49ers

How 49ers intend to gain East Bay foothold with Raiders in Las Vegas

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AP

How 49ers intend to gain East Bay foothold with Raiders in Las Vegas

The 49ers have moved on to Super Bowl LIV. The Raiders have moved on to Las Vegas.

Regardless of which (former) Bay Area NFL team you root for, it's been an eventful week for that franchise. San Francisco sits one win away from its sixth Lombardi Trophy. While Oakland ... err Vegas ... officially changed residences.

Many Raiders fans will follow the team to Sin City, whether through in-person support or from afar. But certainly, there will be others who change allegiances or simply stop watching the NFL altogether, as a result of the pain from watching their hometown team depart for purported greener pastures.

The 49ers are sitting pretty regardless, but with the Raiders now officially out of the region, they're in a position to capitalize even further.

Success breeds fan interest, and as the NFL's surprise team this season, the 49ers have been riding a wave of increased fan support during their path to Super Bowl LIV. A large portion of that increase has emanated from the East Bay, and as The New York Times' Ken Belson reported prior to the 49ers' 37-20 win over the Green Bay Packers in the NFC Championship Game, San Francisco has plans to gain an even greater foothold in the region with the Raiders now operating elsewhere.

"We would never try to convert Raiders fans,” 49ers chief marketing officer Alex Chang told Belson. "It’s a multigenerational play here for people who are transplants or kids who are growing up here now and won’t have the Raiders."

As part of San Francisco's efforts to establish a greater presence in the East Bay, the 49ers intend to expand their number of charities and free flag football programs in the region and to invite more East Bay school children to their science and technology programs. For obvious reasons, there is a clear focus on the younger audience, but San Francisco isn't necessarily trying to change their loyalties.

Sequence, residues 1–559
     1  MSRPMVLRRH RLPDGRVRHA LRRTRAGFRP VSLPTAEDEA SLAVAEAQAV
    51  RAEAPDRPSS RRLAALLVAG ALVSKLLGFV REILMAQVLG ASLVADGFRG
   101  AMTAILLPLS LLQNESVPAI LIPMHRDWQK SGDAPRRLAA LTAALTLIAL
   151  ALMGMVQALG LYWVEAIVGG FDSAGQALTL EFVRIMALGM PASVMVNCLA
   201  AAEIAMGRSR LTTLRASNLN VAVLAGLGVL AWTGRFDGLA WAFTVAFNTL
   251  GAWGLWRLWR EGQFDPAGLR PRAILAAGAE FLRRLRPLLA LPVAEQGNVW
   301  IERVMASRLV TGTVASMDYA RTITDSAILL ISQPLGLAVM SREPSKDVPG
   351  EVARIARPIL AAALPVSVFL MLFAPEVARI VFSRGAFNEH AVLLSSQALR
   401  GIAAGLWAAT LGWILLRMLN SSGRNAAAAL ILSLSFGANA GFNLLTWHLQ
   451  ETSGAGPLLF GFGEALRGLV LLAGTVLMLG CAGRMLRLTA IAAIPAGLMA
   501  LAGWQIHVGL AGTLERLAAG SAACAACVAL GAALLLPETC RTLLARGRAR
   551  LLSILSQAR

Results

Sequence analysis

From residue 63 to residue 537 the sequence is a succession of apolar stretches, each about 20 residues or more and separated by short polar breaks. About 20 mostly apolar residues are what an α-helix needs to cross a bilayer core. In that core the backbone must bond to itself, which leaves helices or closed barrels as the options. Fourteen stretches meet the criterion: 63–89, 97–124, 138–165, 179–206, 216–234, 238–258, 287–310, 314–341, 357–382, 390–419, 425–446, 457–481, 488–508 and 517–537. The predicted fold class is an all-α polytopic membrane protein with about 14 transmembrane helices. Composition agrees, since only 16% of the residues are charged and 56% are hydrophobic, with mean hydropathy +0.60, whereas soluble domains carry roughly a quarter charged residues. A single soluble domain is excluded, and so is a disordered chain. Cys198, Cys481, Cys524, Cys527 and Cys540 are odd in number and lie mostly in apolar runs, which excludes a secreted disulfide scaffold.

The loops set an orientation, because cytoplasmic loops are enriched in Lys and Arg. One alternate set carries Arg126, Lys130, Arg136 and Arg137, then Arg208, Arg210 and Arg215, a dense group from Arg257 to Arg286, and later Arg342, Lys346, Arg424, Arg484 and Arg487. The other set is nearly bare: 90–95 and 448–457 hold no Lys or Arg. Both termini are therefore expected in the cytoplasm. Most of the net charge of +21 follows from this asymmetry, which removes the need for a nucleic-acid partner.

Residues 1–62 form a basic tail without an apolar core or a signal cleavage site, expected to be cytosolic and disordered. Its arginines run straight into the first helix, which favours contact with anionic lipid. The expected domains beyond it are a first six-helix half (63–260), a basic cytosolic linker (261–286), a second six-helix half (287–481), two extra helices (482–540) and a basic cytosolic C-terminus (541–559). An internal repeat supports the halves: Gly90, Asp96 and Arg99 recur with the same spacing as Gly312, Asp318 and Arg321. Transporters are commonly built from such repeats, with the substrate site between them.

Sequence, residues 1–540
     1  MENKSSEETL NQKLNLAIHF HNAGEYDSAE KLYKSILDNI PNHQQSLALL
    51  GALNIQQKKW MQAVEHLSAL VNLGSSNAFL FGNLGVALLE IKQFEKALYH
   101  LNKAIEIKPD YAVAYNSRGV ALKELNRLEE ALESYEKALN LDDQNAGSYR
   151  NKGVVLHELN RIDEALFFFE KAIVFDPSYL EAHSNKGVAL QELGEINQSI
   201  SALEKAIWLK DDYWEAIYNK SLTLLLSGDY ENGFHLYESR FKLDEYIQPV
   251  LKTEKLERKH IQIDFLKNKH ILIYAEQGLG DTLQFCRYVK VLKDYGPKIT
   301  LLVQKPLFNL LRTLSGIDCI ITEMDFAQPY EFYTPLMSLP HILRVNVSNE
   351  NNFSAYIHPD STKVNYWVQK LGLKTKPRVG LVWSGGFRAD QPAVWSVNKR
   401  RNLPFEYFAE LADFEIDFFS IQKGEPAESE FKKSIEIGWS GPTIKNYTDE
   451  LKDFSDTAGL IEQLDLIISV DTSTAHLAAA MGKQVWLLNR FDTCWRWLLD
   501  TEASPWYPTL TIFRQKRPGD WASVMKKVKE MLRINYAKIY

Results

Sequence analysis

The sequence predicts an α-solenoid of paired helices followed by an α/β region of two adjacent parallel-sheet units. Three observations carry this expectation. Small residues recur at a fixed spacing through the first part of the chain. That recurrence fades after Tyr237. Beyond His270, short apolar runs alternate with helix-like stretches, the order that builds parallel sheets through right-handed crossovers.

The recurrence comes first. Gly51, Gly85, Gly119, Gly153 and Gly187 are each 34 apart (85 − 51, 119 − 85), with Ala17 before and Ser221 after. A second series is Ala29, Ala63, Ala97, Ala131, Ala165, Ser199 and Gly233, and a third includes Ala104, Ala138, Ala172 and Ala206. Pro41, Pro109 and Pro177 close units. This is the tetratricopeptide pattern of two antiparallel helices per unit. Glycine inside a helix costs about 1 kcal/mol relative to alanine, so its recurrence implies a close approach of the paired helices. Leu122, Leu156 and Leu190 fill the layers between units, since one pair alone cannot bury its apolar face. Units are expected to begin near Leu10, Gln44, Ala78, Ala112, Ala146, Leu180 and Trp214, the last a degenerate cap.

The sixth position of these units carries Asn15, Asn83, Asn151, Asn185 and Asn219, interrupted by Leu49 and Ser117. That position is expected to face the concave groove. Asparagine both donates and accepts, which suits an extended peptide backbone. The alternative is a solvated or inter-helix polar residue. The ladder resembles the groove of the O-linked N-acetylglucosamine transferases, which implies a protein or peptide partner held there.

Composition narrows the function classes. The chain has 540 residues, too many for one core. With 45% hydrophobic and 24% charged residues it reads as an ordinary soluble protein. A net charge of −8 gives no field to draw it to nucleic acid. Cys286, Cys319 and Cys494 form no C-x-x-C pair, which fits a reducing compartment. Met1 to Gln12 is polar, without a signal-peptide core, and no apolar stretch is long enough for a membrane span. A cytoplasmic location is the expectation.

"We want kids to be 49ers fans," 49ers chief administrative officer Hannah Gordon said, "but it’s not like we want someone not to be a Raiders fan."

As the 49ers go about this expansion effort, the organization can look to its next opponent for proof that it can be accomplished. As Belson noted, the Kansas City Chiefs have been very successful in converting former fans of the St. Louis Rams, who left for Los Angeles in 2016. While the fan anger might not ever entirely subside, Chiefs president Mark Donovan told Belson that ticket sales and sponsorship from the St. Louis region remain on the rise.

While the Raiders have dominated fan support in the East Bay throughout their time in Oakland, their constant flirting with the idea of leaving combined with San Francisco's recent success has resulted in a major shift this season. Belson noted that, according to Fanatics, 49ers merchandise sales in the East Bay have increased by 250 percent compared to last year.

[RELATED: Five moments that defined 49ers' journey to Super Bowl LIV]

With the Raiders moving to Las Vegas and the 49ers looking like a team built to contend for many years to come, one can expect that number to increase even further next season.

Programming note: NBC Sports Bay Area feeds your hunger for 49ers Super Bowl coverage with special editions of “49ers Central” all week (5:30 p.m. Monday and Wednesday; 8:00 p.m. Tuesday and Thursday; 6:00 p.m. Friday).

How George Kittle's new contract compares to tight ends, NFL stars